Recently, a Tully-Fisher relation from the KROSS team was published (Tiley et al. 2016). These authors used a sample of 56 galaxies that were selected to have V/σ> 3 from a much larger sample. This selection was carried out a posteriori, unlike ours. They find evidence for a significant evolution of the zero point of the stellar-mass TFR. A possible reason for the difference between our results and theirs is the different way we estimated inclination angles. They derived inclinations from the fitting of velocity fields and this may give systematically lower values than our method.

Velocity dispersions (Fig. 4, bottom panel) show no unique trend with radius, although the dispersion profiles appear roughly flat on average. The derived values of dispersions are between 15 and about 40 km s-1, even in the regions close to the galaxy centres. These values are fully comparable to Hα velocity dispersions measured in disc galaxies in the local Universe (e.g. Andersen et al. 2006; Bershady et al. 2010; Epinat et al. 2010). Following Wisnioski et al. (2015), we show in Fig. 6 the evolution with redshifts of velocity dispersion derived in previous kinematic studies of the warm medium. The plot includes both studies carried out with IFU observations, i.e. GHASP (Epinat et al. 2010), DYNAMO (Green et al. 2014), KMOS3D (Wisnioski et al. 2015), MASSIV (Epinat et al. 2012; Vergani et al. 2012), SINS/zC-SINF (Förster Schreiber et al. 2009), OSIRIS (Law et al. 2007, 2009), and AMAZE-LSD (Gnerucci et al. 2011) surveys, and with long-slit observations, i.e. DEEP2 survey (Kassin et al. 2012). All the above-mentioned studies were based on the Hα emission line, but we stress that they used different instruments and different estimators to derive the gas velocity dispersion. The average velocity dispersions σHα derived in this work (Table 1, Col. 9) for each galaxy are shown as large red circles.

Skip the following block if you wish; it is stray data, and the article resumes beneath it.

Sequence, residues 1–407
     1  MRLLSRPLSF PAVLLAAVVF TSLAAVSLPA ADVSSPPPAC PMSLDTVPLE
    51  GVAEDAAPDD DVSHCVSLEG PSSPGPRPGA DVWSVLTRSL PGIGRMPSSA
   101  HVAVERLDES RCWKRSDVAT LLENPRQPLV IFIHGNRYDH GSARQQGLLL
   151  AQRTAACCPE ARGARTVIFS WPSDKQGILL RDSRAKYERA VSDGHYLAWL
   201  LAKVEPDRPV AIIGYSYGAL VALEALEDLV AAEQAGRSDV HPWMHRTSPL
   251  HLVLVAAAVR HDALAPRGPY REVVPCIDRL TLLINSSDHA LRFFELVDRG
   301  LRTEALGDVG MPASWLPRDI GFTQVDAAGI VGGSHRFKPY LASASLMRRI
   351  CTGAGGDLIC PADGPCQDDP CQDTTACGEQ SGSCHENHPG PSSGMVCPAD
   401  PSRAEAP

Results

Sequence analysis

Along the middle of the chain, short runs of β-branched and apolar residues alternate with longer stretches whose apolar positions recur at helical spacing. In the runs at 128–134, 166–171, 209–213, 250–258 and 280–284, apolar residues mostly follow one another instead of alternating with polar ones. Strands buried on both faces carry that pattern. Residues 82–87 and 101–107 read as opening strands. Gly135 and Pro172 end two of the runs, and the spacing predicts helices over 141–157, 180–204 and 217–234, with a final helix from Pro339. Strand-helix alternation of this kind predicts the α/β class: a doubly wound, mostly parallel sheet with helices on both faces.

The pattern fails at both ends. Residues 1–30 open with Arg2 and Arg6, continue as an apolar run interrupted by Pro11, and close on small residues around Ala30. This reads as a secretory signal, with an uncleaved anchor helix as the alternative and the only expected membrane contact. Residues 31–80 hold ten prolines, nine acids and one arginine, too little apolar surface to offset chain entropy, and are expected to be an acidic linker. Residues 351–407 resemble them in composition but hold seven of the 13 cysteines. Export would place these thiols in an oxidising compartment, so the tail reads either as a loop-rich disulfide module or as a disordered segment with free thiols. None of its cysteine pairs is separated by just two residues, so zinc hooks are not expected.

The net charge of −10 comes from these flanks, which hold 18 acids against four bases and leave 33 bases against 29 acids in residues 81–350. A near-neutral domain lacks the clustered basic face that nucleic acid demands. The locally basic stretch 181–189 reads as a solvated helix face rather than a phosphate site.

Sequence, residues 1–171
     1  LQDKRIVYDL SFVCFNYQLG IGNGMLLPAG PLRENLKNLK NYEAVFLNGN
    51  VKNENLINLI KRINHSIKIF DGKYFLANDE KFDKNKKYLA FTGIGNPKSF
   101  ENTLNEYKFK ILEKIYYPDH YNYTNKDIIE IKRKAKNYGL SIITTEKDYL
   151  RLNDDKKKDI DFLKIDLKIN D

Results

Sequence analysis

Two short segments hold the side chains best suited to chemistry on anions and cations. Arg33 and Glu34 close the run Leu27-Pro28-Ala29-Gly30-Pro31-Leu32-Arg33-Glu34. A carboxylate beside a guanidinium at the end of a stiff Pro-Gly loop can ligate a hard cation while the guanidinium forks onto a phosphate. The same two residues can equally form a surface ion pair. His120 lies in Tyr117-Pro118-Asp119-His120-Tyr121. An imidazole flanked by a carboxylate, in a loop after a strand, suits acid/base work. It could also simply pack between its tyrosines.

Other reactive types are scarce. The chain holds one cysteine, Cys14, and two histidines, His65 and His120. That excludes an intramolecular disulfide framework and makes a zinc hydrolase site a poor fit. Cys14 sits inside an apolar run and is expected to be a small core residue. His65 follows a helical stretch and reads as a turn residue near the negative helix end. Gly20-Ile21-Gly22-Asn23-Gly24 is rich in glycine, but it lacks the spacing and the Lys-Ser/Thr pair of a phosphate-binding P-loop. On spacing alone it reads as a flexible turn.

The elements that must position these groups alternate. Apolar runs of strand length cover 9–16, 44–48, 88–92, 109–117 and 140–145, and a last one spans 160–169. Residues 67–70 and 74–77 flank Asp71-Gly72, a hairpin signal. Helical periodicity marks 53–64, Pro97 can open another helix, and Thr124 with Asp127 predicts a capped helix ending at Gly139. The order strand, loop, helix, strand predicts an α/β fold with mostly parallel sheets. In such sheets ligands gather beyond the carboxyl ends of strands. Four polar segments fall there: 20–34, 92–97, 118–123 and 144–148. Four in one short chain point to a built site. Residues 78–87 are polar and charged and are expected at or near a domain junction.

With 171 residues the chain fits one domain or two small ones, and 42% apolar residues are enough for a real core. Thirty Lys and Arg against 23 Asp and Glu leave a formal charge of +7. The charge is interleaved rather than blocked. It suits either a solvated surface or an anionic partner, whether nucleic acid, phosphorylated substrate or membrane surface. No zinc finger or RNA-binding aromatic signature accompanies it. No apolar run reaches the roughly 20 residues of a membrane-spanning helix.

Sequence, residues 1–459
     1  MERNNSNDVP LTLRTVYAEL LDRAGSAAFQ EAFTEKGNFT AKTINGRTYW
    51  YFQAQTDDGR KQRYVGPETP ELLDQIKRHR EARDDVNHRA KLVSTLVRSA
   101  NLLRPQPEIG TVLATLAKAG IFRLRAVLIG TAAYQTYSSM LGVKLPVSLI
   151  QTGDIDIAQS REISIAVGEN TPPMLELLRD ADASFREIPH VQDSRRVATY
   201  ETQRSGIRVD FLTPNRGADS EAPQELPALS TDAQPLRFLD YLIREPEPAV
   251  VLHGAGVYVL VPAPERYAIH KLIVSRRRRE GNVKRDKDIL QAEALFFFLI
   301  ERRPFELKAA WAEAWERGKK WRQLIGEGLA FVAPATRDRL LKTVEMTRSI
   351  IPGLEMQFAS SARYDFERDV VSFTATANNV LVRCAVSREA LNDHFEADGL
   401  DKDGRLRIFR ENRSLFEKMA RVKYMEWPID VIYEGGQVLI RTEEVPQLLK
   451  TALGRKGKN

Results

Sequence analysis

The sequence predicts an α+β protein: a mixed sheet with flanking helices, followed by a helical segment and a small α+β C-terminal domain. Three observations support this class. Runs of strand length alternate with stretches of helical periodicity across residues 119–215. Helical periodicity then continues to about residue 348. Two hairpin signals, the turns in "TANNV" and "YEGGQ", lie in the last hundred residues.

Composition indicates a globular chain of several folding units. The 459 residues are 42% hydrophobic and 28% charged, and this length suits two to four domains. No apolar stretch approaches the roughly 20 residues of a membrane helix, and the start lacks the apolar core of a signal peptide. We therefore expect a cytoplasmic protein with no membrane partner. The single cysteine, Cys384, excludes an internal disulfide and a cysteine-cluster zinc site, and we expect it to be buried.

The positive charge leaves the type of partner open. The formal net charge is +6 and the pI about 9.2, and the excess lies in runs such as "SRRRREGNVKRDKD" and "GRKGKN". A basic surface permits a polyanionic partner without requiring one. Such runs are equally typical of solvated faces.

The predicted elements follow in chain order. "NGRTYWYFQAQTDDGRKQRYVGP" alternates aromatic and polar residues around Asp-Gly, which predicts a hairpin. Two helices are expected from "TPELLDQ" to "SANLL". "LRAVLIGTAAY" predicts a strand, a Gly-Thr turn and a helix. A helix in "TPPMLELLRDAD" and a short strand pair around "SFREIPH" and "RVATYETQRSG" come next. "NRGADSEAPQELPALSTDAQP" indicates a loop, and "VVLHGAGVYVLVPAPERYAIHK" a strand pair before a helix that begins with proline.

The dispersions derived by our 3D approach are similar to the results found by Wisnioski et al. (2015) (grey circles) using a larger sample of galaxies observed with KMOS, but overall smaller than the values quoted in the majority of previous works at similar redshifts (e.g. Epinat et al. 2012; Kassin et al. 2012). However the values quoted by Wisnioski et al. (2015) are measured from the outermost regions and along the major axis of the galaxies in the velocity dispersion maps, where the effect of beam smearing is less significant (Förster Schreiber et al. 2009) and do not provide information about the intrinsic dispersion in the inner regions of the galaxies. Instead, our values in Fig. 6 are intrinsic velocity dispersions averaged over the whole galaxy disc. The fact that our average values are consistent with those measured in regions where the beam smearing effect is negligible confirms the ability of 3DBarolo to correct for instrumental broadening of the emission line.

The mean value over our whole sample is ~ 29 km s-1, showing that there has been hardly any evolution in the velocity dispersion in the last ~ 8 Gyr. In other words, these discs were not more turbulent and/or dynamically hotter than the local discs. Finally, another important parameter is the V/σ ratio, which measures the relative importance of ordered (V) and random (σ) motions in the dynamical support of a galaxy. Systems in our sample have V/σHα in the range 3−10, suggesting that these discs with normal SFRs are already fully settled and rotational supported at z ~ 1.